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An eclectic mix of aural achievements, headlined by Judy Garland (“Over the Rainbow”), Barbra Streisand (“People”), N.W.A (Straight Outta Compton) and Vin Scully (the last Dodgers-Giants game at New York’s Polo Grounds), have made it into the National Recording Registry this year.
Also included among the 25 treasures to be preserved by the Library of Congress: the albums The Rise and Fall of Ziggy Stardust and the Spiders From Mars from David Bowie, Remain in Light from Talking Heads and Wanted: Live in Concert from Richard Pryor; the first episode of NPR’s All Things Considered; the original cast album of Broadway’s The Wiz; and unforgettable songs from Wilson Pickett, Don McLean, Big Mama Thornton, Marty Robbins, Melba Moore, Judy Collins, Renee Fleming, Sonny Rollins and Sister Sledge.
Each year, the Librarian of Congress picks 25 titles that are “culturally, historically or aesthetically significant” and at least 10 years old. This latest batch spans the years 1888 to 1997 and brings the total number of titles in the Registry to 475.
“With few exceptions, American music is the whole of popular music,” McLean said in a statement after learning that his sweeping 1971 ballad, “American Pie,” was enshrined. “We have done it all, written the greatest songs and produced the greatest artists. I am so proud to be a part of this creative effort.”
Streisand, meanwhile, called it “humbling and gratifying” that her 1964 hit “People,” from composer Jule Styne and lyricist Bob Merrill, had been selected.
“This is the prestigious treasure house in which American art is archived and acknowledged as part of the flow of our nation’s culture,” she said. “I believe ‘People’ touched our common desire to relate to others with love and caring, and I’ve always tried to express this in my renditions of this magical song.”
Here’s a look at the inductees in chronological order, with descriptions supplied by the Library of Congress:
The 1888 London cylinder recordings of Col. George Gouraud (1888)
Thomas Edison debuted his “perfected” wax-cylinder phonograph in the summer of 1888, rendering obsolete his 1877 tinfoil model and preventing a coup against his “favorite invention” by Bell and Tainter’s insurgent Graphophone. The first phonograph to leave Edison’s factory was sent to his friend and agent, Civil War hero Col. George Gouraud, an American living in London, who had a knack for promoting and marketing new technologies. In the second half of 1888, Gouraud marketed the machine by hosting recording demonstrations with celebrity guests and, perhaps accidentally, preserved for posterity the voices of prominent poets, scientists, musicians and politicians, including future Prime Minister William Ewart Gladstone and Sir Arthur Sullivan of Gilbert & Sullivan. The first of these recordings was the Handel Festival at the Crystal Palace. Hugh DeCoursey Hamilton, who worked for Gouraud and Edison, captured a 4,000-voice chorus performing “Israel in Egypt” from the press balcony 100 yards away. Gouraud also recorded his friends, family and business partners.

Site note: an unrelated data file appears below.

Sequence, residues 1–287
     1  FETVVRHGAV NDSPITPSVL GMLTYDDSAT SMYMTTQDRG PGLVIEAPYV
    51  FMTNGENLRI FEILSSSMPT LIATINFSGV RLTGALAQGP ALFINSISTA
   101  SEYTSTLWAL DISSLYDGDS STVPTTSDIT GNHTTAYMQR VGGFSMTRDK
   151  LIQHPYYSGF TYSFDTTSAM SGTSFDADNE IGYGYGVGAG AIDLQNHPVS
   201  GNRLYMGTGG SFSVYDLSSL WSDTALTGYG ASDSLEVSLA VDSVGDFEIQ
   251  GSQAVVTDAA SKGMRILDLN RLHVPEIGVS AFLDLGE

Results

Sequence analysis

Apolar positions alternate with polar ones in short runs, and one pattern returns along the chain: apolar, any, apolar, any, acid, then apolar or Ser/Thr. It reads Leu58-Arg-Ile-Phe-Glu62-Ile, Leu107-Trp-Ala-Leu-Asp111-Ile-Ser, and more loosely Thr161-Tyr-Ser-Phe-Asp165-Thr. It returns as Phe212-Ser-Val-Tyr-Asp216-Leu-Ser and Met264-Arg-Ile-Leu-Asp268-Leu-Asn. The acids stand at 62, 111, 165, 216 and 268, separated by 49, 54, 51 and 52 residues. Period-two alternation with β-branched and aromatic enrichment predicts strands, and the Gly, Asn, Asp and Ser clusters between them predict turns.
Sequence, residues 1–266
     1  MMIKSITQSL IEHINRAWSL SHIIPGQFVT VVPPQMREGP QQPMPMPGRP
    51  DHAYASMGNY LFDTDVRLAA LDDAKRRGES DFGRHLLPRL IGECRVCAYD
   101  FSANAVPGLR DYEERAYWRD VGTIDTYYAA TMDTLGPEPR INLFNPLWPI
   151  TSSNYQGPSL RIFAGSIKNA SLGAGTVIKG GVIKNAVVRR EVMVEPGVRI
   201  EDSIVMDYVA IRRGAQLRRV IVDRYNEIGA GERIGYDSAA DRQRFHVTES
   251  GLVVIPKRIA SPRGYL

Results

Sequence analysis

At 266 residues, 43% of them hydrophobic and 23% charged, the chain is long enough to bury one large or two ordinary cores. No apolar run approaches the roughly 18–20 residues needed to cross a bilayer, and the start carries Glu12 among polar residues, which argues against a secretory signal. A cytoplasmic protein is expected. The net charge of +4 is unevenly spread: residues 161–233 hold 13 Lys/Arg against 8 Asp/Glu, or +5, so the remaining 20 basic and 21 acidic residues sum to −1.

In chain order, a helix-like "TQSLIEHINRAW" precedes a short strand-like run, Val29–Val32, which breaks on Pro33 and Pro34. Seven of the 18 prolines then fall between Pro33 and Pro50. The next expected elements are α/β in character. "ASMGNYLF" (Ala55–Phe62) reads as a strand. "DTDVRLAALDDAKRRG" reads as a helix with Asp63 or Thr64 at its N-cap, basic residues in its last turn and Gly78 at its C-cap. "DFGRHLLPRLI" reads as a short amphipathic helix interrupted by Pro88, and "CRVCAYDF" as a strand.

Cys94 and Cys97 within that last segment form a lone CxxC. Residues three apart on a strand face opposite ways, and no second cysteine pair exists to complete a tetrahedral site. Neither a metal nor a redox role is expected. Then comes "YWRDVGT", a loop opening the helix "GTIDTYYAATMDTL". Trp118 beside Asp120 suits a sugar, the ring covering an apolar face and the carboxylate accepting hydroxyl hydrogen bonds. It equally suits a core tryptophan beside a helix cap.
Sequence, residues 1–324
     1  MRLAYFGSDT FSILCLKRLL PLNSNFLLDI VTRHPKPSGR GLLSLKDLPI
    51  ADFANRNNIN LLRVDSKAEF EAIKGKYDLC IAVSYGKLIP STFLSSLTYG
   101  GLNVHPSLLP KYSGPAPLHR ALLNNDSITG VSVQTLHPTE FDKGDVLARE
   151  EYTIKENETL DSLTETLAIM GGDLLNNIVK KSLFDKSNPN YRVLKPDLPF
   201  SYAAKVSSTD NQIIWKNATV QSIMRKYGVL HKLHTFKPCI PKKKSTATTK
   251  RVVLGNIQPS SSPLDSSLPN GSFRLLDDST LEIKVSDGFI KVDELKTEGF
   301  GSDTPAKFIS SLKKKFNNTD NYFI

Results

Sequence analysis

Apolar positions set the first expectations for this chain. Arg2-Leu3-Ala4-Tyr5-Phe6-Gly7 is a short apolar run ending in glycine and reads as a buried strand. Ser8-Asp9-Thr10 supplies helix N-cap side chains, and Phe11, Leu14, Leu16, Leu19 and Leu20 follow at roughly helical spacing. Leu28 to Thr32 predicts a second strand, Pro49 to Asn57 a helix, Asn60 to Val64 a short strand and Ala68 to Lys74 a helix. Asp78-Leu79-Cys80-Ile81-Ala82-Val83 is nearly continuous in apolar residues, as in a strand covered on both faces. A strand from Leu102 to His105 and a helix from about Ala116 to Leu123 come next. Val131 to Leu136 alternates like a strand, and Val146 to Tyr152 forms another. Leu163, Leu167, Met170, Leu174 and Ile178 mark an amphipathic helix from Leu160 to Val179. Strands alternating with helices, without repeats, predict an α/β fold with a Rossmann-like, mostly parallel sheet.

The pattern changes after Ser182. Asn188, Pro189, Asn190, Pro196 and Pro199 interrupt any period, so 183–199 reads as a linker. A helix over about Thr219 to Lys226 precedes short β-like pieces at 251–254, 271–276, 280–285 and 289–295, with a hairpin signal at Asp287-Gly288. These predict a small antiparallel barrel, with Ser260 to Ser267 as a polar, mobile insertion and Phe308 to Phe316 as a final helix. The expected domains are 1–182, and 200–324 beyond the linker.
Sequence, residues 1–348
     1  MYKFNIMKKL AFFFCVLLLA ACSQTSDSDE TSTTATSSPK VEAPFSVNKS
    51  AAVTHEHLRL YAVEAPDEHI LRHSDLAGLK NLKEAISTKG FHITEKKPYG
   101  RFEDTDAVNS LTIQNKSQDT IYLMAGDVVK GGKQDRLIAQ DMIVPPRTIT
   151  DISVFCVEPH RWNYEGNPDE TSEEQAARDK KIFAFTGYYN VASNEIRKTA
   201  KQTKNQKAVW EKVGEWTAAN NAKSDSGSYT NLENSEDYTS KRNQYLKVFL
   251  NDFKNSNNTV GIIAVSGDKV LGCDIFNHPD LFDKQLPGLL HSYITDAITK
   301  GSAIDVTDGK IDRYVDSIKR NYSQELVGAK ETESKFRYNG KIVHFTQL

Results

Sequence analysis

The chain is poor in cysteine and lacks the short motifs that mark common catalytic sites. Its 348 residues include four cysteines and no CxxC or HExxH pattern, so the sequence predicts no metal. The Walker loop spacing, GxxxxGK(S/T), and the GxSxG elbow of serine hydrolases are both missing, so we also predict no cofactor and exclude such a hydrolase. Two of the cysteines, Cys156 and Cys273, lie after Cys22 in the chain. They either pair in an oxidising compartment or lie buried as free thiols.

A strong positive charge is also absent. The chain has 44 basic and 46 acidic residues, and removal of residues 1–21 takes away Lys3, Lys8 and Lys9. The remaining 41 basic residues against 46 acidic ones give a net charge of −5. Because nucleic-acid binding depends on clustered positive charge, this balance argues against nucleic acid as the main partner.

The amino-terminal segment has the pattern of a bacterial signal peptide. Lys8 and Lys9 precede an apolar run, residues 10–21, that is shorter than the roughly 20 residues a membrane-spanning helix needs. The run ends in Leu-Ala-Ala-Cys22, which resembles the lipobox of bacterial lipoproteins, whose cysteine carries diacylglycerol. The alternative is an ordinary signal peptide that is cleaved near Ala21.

“Lift Every Voice and Sing” (singles), Manhattan Harmony Four (1923); Melba Moore and Friends (1990)
With text written by James Weldon Johnson in 1900 and set to music by his brother John Rosamond Johnson in 1905, the hymn “Lift Every Voice and Sing” has served as the “Black National Anthem” since its adoption by the NAACP in 1919. As with “The Star-Spangled Banner,” no single recording captures the hymn’s essence or its overall meaning to Americans. Therefore, the registry recognizes two recordings: the 1923 version by the Manhattan Harmony Four, one of the last discs issued by the short-lived Black Swan Co. — a pioneering African-American-owned record label based in Harlem — and a modernized 1990 version headed by Moore. Moore sought to restore the standing of the song among young African-Americans. Among the many participants in her latter, all-star recording were Stevie Wonder, Anita Baker, Dionne Warwick and Bobby Brown. The resulting single, which benefited charity, made headlines at the time and helped to raise public awareness of the Johnsons‘ anthem.
“Puttin‘ on the Ritz,” Harry Richman (1929)
Irving Berlin’s timeless “Puttin‘ on the Ritz” has been an enduring hit since its introduction in the 1930 film of the same title. This is remarkable given the rhythmic complexities of the first four measures. Musicologist and author Alec Wilder wrote in “American Popular Song,” “It is the most complex and provocative I have ever come upon.” The song was introduced in the film by Richman (1895-1972), a song-and-dance man and star of radio, movies and nightclubs. Although Richman is little remembered today, his top-hatted presence, with cane and tails, set the tone and stage for this swanky tune. His enduring features — a slight lisp and a tendency to over-pronounce the syllable “oo” — have been parodied in animated cartoons and by musician/comedian Spike Jones. On this recording, Richman is accompanied by Earl Burtnett and his Los Angeles Hotel Biltmore Orchestra, who supply sophisticated accompaniment. Since its debut, the song has become a favorite on television and in movies, most memorably in Mel Brooks’ Young Frankenstein. International artist Taco also turned it into a Top 10 hit for the MTV generation.